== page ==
How to prove that $f_X(x) = (1-p)^xp$ is a probability function?

Exercise:

An experiment is performed where an event A (success) with probability p, or no occurrence (failure) can occur, with probability 1 - p, where p ∈ (0, 1). In successive repetitions of the same experiment it will be assumed that the probability p is kept constant in each of them and, in addition, that they are independent.

Consider the discrete random variable X, defined as the "number of failures before obtaining the first success in successive experiments".

a) What is the range of this random variable?

b) Deduce the analytic expression of the probability function of this random variable.

c) Show that the function obtained in b, is indeed a probability function.

Note: Any discrete random variable, with the above probability function, is called the Geometric random variable, of parameter p, and is represented by X ~ G (p).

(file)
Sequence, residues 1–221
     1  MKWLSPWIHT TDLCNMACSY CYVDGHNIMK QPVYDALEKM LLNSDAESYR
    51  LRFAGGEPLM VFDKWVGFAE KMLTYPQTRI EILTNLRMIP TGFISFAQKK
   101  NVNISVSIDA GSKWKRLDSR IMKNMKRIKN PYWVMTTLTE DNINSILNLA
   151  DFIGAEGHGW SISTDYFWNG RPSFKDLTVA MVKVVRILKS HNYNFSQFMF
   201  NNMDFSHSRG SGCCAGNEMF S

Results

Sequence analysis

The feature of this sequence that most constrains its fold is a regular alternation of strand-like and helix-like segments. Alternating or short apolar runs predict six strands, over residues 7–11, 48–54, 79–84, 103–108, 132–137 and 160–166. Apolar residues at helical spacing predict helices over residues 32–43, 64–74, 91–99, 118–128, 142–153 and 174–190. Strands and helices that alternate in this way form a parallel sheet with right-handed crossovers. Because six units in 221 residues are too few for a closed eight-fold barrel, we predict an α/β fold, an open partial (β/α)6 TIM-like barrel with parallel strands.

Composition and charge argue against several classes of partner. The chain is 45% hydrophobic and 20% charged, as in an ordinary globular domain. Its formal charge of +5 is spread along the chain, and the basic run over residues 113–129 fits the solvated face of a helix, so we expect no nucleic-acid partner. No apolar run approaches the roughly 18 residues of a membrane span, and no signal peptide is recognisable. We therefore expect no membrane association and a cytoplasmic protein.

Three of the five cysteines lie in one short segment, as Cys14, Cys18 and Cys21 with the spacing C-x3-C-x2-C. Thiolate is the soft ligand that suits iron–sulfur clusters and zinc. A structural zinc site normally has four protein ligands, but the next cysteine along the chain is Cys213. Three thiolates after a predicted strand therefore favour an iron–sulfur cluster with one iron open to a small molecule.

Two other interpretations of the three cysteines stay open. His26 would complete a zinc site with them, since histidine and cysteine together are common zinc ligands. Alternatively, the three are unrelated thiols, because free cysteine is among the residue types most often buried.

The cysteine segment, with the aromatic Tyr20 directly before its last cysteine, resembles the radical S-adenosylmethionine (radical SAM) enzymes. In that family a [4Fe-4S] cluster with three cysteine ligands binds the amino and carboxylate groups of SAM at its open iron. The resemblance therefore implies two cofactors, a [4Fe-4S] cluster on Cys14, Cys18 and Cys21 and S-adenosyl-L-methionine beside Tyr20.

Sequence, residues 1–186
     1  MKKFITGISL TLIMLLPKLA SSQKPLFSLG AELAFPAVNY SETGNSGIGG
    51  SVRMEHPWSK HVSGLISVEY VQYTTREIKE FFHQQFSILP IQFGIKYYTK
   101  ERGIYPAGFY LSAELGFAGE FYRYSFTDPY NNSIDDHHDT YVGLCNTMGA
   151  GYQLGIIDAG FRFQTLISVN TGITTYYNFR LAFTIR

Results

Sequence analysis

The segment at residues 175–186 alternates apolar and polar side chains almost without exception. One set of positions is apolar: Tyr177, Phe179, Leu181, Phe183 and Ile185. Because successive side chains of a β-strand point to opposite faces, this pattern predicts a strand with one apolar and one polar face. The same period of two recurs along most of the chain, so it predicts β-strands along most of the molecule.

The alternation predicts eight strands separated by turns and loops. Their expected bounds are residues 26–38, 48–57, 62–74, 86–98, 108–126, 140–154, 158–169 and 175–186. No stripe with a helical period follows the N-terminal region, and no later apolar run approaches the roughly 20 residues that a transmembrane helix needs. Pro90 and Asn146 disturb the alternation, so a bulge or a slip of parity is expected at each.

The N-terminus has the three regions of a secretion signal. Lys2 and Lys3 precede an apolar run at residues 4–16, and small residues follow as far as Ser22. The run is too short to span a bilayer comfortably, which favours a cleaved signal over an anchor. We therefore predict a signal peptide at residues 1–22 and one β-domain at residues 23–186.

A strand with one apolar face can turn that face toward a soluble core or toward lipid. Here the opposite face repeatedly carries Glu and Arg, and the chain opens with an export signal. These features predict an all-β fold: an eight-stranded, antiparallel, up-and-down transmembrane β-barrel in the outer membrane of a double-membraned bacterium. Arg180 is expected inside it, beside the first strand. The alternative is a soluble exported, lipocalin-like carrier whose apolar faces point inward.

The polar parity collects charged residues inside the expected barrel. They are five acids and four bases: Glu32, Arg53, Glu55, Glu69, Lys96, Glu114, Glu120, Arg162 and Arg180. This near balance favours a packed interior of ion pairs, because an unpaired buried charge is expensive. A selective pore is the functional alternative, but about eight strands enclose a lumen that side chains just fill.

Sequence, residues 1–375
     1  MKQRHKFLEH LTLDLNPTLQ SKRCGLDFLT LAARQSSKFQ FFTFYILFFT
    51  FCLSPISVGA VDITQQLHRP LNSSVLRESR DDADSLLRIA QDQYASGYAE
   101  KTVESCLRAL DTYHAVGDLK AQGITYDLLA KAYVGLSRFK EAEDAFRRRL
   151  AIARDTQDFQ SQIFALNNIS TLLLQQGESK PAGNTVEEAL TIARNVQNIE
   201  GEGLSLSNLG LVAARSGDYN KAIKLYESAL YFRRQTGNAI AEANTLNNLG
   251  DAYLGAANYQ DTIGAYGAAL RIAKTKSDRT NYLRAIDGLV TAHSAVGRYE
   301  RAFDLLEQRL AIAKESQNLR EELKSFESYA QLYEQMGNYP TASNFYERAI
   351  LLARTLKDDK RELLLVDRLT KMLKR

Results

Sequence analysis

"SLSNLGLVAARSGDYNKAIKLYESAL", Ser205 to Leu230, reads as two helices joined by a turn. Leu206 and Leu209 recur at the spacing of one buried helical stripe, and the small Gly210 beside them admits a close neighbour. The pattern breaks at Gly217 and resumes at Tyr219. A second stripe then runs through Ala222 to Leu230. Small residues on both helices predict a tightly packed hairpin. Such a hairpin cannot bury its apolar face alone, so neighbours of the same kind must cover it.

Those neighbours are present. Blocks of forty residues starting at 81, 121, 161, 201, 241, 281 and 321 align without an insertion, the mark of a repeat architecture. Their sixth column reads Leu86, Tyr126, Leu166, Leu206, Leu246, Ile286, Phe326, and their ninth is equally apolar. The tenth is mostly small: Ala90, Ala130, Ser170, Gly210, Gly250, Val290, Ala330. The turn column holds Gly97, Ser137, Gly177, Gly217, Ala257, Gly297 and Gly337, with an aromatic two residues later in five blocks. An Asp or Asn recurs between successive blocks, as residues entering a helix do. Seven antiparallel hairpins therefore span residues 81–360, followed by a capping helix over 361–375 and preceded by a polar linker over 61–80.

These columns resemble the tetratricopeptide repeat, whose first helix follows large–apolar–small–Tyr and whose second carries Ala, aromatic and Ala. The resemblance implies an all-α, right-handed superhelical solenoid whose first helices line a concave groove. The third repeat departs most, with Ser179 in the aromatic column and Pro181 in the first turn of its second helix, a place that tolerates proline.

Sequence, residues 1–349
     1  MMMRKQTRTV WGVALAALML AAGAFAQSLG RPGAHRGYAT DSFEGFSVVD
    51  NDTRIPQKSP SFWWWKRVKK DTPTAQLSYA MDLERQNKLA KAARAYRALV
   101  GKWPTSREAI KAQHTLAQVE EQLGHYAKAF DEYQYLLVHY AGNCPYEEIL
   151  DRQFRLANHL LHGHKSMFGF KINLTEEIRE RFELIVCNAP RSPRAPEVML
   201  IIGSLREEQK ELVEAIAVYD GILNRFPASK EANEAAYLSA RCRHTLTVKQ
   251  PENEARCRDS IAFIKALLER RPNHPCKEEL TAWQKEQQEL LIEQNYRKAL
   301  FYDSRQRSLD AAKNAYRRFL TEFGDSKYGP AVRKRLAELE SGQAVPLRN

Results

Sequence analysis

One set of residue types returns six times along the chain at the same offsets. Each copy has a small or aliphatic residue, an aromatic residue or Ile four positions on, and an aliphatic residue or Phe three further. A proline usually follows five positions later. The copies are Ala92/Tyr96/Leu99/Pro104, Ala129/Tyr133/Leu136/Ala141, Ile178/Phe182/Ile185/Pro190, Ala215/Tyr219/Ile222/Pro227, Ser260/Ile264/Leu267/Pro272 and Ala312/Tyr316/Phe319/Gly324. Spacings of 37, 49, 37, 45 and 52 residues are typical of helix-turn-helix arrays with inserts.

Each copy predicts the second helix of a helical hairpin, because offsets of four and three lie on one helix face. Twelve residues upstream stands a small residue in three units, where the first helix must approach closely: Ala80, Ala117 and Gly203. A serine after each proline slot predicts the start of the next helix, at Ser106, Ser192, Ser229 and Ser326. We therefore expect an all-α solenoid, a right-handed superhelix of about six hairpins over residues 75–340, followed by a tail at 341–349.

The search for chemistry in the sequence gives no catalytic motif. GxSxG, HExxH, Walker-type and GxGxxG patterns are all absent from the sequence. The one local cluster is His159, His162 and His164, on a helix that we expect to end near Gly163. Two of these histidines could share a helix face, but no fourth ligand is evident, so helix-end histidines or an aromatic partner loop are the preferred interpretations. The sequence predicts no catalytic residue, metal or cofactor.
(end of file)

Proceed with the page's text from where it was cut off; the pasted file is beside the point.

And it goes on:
Solution:

• a) $R_X = {0,1,2,3,...}$
• b) $f_X(x) = (1-p)^xp$
• c) ?
• You need to show that $$\sum_{k=0}^\infty (1-p)^kp = 1$$ – Theoretical Economist Feb 5 '17 at 23:05
• @Thomas Yes, that was a typo. Whoops. Fixed now. – Theoretical Economist Feb 5 '17 at 23:07

$f_X$ is nonnegative and its mass is $\sum_{x=0}^\infty f_X(x)=p\frac{1}{1-(1-p)}=1$ (I've used the geometric series in the first equality) so $f_X$ is indeed a probability function.
• You said "so $f_X$ is indeed a probability function". Does that mean you've proven it? – emi Feb 5 '17 at 23:41
• @CarlosFrostte Yes, in order to check that $f_X$ is a probability function you need to verify two things: that $f_X(x)\geq0$ for every $x$ (which I only asserted at the beginning since in this case it is trivial), and that its mass (i.e. the sum of $f_X(x)$ over $x$) is $1$ (which I calculated in the answer). – user378947 Feb 5 '17 at 23:46
1) $P(X=x)\ge 0$. $\to (1-p)^xp>0$ for all $x = 0,1,2,3...$
2) $P(\Omega)=1$. $\to P(\Omega) = \sum_{x=0}^{\infty}(1-p)^xp = \frac{p}{1-(1-p)}=1$.